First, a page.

Sevey bowed out when ‘live’ meant ‘dead’
It turns out that legendary Hawaii TV anchor Bob Sevey probably was the first victim of new technology dictating what constitutes "news" these days.
In an interview with Leslie Wilcox on her PBS Hawaii show "Long Story Short," Sevey, his hair mostly gone after cancer treatments, revealed for first time that he didn't "retire" from KGMB in 1986, as the public was told, but actually quit in a dispute over who decided what would air on the top-rated Channel 9 news.
Interviewed from his home in Washington state, Sevey said the flash point for his resignation was, ironically, a nothing little fire at Goo's Golden Tire Shop. Using the new technology of the day, a truck with an antenna that allowed live broadcasts from the scene, Sevey agreed to lead the night's program with a report from the fire, where several hundred used tires apparently perished and an empty shed lost its life. He even agreed to go back to the lack of devastation a second time in the show. But when producers said to close the show with a third live report of nothing happening, Sevey refused. Sevey, who had overseen the country's highest-rated local news show for decades, quit rather than concede what was news to consultants and a van with an antenna on top. Goo's was gone and, sadly for Hawaii, so was Sevey.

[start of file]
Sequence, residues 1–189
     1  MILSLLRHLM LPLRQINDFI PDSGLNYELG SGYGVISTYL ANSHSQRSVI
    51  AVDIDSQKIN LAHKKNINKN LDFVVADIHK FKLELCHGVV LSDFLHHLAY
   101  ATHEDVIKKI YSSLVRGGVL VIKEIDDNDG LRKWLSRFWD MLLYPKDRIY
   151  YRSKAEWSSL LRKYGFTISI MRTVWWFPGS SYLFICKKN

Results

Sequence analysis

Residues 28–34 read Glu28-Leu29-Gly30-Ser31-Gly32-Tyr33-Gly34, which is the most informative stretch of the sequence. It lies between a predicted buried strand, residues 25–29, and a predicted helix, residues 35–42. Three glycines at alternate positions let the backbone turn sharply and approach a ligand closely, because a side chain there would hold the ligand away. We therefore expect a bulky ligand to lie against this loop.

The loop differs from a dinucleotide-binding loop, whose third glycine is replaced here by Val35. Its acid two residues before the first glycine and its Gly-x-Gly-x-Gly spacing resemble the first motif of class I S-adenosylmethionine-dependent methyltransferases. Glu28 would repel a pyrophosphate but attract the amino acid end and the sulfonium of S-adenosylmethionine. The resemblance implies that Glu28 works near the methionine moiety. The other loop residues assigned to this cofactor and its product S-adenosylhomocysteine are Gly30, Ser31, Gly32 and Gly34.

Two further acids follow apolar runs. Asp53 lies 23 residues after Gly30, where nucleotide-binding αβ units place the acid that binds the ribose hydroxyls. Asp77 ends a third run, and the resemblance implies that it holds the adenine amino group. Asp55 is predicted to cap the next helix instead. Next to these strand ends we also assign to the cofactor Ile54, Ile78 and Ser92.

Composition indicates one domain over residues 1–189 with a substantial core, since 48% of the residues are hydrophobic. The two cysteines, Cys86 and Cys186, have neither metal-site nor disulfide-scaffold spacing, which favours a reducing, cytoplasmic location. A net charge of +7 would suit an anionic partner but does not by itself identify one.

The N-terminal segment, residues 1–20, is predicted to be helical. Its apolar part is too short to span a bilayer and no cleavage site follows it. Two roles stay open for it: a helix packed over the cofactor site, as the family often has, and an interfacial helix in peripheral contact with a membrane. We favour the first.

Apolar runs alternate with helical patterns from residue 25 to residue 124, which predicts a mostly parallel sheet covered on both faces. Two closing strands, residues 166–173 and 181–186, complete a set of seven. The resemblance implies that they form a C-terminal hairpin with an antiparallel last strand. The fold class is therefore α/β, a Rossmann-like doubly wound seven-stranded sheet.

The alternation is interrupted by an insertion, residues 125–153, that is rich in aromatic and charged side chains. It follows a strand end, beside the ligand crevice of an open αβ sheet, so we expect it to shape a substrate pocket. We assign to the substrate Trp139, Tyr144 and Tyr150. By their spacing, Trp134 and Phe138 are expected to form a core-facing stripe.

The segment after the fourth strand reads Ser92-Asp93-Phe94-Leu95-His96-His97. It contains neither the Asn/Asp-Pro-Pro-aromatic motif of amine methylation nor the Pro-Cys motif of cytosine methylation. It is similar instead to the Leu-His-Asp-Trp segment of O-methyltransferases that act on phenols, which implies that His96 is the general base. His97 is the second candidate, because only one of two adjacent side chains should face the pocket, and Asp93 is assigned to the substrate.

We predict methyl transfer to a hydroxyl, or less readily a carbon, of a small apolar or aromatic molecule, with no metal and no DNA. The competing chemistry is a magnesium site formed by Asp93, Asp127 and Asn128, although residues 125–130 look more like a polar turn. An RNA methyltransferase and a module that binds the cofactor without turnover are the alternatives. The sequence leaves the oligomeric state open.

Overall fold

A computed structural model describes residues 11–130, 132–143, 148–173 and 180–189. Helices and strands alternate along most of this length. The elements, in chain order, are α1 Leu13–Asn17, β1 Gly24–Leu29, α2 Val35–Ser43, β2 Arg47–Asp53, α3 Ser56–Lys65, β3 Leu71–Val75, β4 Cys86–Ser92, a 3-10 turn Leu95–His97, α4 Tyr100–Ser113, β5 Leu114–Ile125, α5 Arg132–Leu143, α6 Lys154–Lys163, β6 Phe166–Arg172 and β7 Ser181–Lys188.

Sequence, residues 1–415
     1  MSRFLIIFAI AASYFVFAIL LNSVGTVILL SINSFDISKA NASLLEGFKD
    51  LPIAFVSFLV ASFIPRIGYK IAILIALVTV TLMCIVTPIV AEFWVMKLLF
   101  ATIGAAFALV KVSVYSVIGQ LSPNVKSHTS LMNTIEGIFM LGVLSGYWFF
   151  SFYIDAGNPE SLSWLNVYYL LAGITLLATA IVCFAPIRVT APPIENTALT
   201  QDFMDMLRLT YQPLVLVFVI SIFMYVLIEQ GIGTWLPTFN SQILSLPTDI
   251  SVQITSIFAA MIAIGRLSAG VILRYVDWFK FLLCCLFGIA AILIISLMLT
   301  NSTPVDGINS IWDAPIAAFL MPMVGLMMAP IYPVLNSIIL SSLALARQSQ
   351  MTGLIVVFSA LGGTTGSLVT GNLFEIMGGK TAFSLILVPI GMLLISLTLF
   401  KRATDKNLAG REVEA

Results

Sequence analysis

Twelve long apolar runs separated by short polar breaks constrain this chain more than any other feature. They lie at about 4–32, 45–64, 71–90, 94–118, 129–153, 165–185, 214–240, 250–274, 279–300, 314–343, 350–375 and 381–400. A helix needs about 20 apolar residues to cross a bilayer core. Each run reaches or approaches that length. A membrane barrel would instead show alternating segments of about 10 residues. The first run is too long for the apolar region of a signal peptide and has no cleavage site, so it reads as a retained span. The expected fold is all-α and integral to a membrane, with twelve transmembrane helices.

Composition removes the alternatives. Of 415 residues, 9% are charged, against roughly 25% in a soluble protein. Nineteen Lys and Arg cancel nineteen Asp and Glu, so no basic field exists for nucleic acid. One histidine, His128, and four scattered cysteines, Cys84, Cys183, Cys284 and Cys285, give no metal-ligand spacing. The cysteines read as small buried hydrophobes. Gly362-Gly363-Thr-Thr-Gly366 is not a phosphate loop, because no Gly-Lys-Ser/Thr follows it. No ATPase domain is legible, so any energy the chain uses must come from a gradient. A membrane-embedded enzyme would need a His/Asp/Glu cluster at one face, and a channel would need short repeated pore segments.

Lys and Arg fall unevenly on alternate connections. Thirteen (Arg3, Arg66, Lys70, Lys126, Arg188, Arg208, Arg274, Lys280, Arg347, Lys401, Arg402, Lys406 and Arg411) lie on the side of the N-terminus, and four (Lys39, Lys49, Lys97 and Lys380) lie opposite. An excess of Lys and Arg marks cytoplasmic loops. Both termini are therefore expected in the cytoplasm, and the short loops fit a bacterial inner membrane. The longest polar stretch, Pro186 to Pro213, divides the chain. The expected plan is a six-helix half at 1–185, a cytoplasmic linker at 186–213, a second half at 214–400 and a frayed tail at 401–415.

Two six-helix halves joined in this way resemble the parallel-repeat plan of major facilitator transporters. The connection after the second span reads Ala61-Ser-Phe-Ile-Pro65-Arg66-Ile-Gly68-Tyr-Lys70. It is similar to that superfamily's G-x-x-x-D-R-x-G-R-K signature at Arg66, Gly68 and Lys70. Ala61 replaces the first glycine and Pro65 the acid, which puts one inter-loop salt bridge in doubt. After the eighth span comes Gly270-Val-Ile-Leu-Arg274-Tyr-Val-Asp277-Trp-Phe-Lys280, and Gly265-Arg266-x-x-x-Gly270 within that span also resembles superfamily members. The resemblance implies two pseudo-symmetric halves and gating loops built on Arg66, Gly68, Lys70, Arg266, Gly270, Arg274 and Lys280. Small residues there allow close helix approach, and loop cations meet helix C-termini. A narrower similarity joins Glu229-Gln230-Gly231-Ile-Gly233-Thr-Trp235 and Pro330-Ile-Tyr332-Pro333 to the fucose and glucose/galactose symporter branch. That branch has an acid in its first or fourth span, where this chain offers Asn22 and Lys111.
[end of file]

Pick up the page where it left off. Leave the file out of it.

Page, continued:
Jump forward 21 years and now we have cable news "alerts" every five minutes taking us to a helicopter shot of some idiot in his mother's car racing down an L.A. freeway. Why? Because helicopters have cameras now that don't jiggle! And they'll air that stupid chase for two hours. Then, on Fox News they have the "Extreme Weather Center" where satellite cameras show us that Earth is in peril, overrun with droughts, floods, fires, hurricanes, volcanos, tornados and a dangerous lack of snow for the first day of ski season. These weather reports seem to come straight out of the Book of Revelations. It doesn't matter that there have always been tornados, fires, floods and dangerous lack of snow (or way too much) on the opening of ski season; we just didn't have the technology -- the cameras and satellites -- to see them. Curiously, technology still can't predict the weather up to five days away. So instead, we are shown all the pretty cloud formations happening NOW from two miles above Earth. Why? BECAUSE THEY CAN!
Bob Sevey laments that local news shows in Hawaii even have weather segments. In his day, weather either led the news or got 15 seconds at the end of the show. I thought about Bob recently as I watched a live shot of an airplane grounded by rain at an Atlanta airport. Live. A wet plane not moving. In Atlanta. Technology now can let people in Hawaii see nothing happening on a Georgia tarmac. It's too bad that the good people of Atlanta missed the live shots of the fire at Goo's Golden Tire Shop. Today they would not.
(See the second part of the Leslie Wilcox's interview with Bob Sevey on PBS Hawaii at 7:30 tonight. Sadly, it's taped.)
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